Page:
Most people have inner passions that really excite and motivate them. These passions develop early in life and change with time. Yet we suppress them. These passions are almost always good in nature and very positive. The executive may have a passion to create a rose garden. The homemaker may have a passion to play the drums. But they don’t, because they do not recognize and accept them, and if they did, their conscious mind will rationalize that they “shouldn’t” after responding to all of the previously implanted “shoulds” by others. Yet, both the executive and the homemaker feel something is missing and can’t put a finger on it.
Everybody also has desires that are extremely important. These desires begin with the basics of life such as staying healthy, being secure, attaining food and shelter, being socially accepted, and having a loving inner circle to support us. These basic desires are rather easy to determine. Once you recognize that they exist, you will see that they are almost required for a normal existence. Once these desires are accomplished, you will develop other desires, such as living in a warm climate, working outdoors, raising a happy and healthy family, and being acknowledged for being special. These are more personal in nature and are also less obvious. This is where the “shoulds” begin to enter the picture, and you find yourself following the desires you allow others to impose on you. For example, you might go to law school to become a lawyer because your parents strongly felt you “should” become a lawyer. Or you might become a full-time mom and raise a family early on in life because that is what everyone did where you grew up.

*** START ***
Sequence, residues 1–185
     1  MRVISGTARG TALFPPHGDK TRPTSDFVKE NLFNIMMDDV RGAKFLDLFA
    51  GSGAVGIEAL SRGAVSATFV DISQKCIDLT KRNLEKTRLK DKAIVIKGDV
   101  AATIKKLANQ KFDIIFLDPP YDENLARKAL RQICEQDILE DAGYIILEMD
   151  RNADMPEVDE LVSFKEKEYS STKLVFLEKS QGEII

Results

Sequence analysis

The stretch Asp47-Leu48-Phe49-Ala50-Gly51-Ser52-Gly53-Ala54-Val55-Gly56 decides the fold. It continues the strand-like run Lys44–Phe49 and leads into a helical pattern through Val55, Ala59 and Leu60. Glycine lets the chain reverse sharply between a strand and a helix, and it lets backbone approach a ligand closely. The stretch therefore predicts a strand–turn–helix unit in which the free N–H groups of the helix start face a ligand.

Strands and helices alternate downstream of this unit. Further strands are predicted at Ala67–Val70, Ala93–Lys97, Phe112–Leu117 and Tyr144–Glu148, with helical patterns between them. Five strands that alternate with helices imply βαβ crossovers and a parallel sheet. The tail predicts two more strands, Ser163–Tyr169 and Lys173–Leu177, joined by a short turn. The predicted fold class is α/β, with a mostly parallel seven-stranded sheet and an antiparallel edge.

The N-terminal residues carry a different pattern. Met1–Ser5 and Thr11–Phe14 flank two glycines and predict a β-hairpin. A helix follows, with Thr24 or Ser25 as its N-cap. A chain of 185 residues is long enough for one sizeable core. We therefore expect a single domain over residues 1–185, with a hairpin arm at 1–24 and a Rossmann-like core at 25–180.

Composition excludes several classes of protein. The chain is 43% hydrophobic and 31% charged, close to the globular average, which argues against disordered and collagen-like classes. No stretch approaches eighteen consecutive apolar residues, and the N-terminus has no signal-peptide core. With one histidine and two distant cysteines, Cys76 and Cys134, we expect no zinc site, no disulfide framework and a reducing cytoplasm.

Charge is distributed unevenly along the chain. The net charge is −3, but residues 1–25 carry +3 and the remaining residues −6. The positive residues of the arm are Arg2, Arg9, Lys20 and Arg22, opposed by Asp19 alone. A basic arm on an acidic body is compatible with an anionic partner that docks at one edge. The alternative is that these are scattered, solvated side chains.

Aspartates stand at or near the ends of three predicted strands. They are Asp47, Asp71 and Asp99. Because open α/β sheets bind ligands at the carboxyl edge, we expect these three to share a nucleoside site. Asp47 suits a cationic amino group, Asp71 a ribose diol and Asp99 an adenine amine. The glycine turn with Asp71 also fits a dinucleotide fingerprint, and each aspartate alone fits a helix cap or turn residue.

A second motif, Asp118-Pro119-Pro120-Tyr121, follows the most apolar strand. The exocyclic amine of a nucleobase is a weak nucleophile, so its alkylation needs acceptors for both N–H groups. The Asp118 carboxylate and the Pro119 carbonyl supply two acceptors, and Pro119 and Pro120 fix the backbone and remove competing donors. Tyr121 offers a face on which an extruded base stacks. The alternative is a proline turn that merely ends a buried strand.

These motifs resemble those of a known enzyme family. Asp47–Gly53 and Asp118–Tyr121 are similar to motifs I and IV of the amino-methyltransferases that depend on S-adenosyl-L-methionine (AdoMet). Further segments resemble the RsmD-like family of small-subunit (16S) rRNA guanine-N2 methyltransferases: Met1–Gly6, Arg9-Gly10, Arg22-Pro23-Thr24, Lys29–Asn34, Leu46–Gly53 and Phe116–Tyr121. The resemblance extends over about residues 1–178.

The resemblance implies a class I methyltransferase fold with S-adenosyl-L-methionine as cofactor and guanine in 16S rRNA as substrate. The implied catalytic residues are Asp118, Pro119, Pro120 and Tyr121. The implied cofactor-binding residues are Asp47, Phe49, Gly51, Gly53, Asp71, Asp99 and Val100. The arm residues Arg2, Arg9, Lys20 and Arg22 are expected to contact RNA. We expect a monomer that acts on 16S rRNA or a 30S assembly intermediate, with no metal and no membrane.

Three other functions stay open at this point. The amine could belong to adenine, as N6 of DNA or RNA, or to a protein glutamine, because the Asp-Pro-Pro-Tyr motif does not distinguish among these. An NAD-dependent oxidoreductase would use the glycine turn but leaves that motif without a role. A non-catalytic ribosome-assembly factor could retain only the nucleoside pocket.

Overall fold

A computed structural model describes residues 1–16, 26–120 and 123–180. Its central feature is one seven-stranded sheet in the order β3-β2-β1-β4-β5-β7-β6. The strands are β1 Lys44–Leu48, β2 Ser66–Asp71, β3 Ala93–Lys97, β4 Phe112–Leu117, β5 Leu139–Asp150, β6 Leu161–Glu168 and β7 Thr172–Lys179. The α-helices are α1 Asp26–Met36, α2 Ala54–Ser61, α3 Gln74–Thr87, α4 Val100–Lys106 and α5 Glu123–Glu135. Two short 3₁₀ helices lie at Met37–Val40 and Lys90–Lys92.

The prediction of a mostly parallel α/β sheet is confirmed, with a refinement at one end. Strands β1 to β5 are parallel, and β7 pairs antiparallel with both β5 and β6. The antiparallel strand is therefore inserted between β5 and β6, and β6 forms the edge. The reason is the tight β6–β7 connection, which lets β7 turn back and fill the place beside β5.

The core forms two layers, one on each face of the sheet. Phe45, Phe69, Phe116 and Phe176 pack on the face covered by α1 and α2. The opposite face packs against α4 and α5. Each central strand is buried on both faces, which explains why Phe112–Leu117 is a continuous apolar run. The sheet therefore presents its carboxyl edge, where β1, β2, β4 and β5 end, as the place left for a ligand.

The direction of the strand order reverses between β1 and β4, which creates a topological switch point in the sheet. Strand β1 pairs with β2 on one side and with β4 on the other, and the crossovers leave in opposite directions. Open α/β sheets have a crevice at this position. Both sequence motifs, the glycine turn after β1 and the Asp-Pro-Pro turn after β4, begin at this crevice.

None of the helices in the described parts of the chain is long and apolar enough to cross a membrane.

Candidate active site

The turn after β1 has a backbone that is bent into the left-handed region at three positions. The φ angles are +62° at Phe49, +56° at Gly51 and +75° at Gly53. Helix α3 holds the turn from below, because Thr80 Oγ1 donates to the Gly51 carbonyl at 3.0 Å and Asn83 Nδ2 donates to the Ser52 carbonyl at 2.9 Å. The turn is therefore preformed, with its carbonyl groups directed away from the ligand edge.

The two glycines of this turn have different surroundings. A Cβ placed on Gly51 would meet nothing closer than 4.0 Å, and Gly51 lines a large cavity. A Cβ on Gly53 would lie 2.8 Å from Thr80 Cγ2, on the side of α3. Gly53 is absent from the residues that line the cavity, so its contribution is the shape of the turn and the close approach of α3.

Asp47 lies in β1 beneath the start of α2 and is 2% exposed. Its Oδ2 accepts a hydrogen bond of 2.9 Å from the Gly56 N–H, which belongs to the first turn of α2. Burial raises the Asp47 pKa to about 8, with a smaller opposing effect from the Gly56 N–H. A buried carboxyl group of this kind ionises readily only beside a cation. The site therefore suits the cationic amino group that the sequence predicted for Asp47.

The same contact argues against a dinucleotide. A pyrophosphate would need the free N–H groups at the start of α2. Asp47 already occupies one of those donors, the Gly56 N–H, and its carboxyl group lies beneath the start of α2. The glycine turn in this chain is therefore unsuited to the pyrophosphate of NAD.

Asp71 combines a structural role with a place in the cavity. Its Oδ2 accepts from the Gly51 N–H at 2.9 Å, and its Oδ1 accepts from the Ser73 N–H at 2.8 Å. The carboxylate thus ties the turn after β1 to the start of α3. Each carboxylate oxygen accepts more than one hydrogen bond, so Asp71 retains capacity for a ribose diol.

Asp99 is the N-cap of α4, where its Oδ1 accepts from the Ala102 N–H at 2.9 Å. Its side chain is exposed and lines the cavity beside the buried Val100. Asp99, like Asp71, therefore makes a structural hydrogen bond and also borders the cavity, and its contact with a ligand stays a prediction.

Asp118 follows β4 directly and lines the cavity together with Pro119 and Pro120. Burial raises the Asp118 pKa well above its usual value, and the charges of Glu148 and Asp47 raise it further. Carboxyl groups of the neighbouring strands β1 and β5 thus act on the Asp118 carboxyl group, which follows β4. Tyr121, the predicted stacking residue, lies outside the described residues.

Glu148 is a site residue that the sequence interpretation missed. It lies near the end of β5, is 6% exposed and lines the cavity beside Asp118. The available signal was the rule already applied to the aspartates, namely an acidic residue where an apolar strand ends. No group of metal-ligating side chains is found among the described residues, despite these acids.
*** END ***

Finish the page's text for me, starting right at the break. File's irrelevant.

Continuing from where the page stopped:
Step 3: Recognize and manage your conflicts
Life is a bowl of conflicts and stress occurs when competing forces interfere with your ability to decide what to do. Additional stress occurs when you feel bad when you do some things, and you felt that you “should” have done something else. Then you do not enjoy or even fully complete what you decide to do, because you continue to think you “should” be doing something else.
The executive will certainly have conflicts between leading her company and creating the rose garden. The homemaker will experience numerous conflicts between being a mother, a wife, and an individual person when she thinks about learning to play the drums and even more when she thinks about playing the drums with a band.
Once you can be honest with yourself and discover what your true passions and desires are, you will be in the position to determine what priorities you place on each. It will be much easier and clearer to evaluate and establish these priorities because you will know what the choices are and more importantly you will be the only person involved in making the decision. You will be free from having to consider the conflicting forces of the “shoulds” that are based upon what others want you to do. This freedom will be a great relief because you will not have to live through the agendas or desires of others, which can be a very tricky thing, even if you tried. Now it is only you deciding, and the choices become much easier.